Since the election of India’s Prime Minister Narendra Modi in 2014, New Delhi has abstained, rather than vote against Israel in 3 UN votes, leading concern among some Palestinians that they were losing a reliable ally despite Indian President Pranab Mukherjee’s seemingly anti-Israel rhetoric.
By HERB KEINON
Even as the current wave of terror rages on, Indian President Pranab Mukherjee is scheduled to travel from Jordan to the Palestinian Authority on Monday, and then come to Israel the next day for the first ever visit here by an Indian head of state.
This is also the first visit to Jordan by an Indian president. India’s Prime Minister, Narendra Modi, is expected to visit Israel in the coming months.
Speaking in Amman at the University of Jordan, where he received an honorary doctorate, Mukherjee was quoted by the Press Trust of India as saying Sunday that “India’s traditional support to the Palestinian cause remains steadfast and unwavering while we pursue strong relations with Israel. Our bilateral relations [with Israel] are independent of our relations with Palestine.”
In recent months New Delhi, which has pursued closer ties with Israel since the election of Narendra Modi in 2014, has abstained – rather than vote against Israel – in three UN votes over the last several months, leading to concern among some Palestinians that they were losing a reliable ally.
The Indian president seemed intent on dispelling that notion in his address Sunday, quoting from Mahatma Gandhi in saying, “Palestine belongs to the Arabs in the same sense that England belongs to the English and France to the French.” Gandhi held a negative position toward Zionism, writing in 1938 that “The cry for a national home for the Jews does not make much appeal to me.”
“India,” Mukherjee said, “supports a negotiated solution resulting in a sovereign, independent, viable and united State of Palestine, with East Jerusalem as its capital, living within secure and recognized borders.”
Mukherjee is scheduled to travel on Monday to Ramallah for meetings with Palestinian Authority President Mahmoud Abbas and other top Palestinian officials.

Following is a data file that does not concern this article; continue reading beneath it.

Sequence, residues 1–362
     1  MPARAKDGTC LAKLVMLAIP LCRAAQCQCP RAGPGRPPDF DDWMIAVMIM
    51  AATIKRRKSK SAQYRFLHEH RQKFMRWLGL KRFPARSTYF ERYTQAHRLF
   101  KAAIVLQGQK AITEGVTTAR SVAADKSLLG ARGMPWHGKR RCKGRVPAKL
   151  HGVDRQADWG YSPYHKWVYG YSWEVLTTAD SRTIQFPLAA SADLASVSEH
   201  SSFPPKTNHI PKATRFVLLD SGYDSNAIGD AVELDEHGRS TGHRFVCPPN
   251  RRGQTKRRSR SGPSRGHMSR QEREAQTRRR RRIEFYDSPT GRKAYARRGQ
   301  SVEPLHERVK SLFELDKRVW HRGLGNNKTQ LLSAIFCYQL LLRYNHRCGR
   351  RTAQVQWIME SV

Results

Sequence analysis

During his overnight stay in the PA, Mukherjee is also scheduled to be awarded an honorary doctorate from Al Quds University, and inaugurate the Jawaharlal Nehru Secondary School at Abu Dis, named after India’s first prime minister. A visit to the Temple Mount has evidently been scuttled because of security precautions.
The Indian president is scheduled to begin his formal program in Israel on Tuesday afternoon with a wreath laying ceremony at the tomb of Theodor Herzl, followed by a visit to Yad Vashem. In the evening he will host a reception at the King David Hotel for representatives of the Indian Jewish community in Israel.
On Wednesday he will begin his day with a meeting with President Reuven Rivlin, followed by a speech to the Knesset. He is also scheduled to meet with Knesset Speaker Yuli Edelstein, Opposition head Isaac Herzog, and former president Shimon Peres before attending a state dinner in his horror at the President’s residence.
On Thursday he will receive an honorary doctorate from Hebrew University, sign an agreement on academic cooperation, and then meet with Prime Minister Benjamin Netanyahu.
Mukherjee’s visit is coming at a time of close cooperation between Israel and India, and is symbolic not only of improved ties, but also the fact that New Dehli no longer feels the need to keep these ties and the bilateral cooperation low-profile and out of the public eye.
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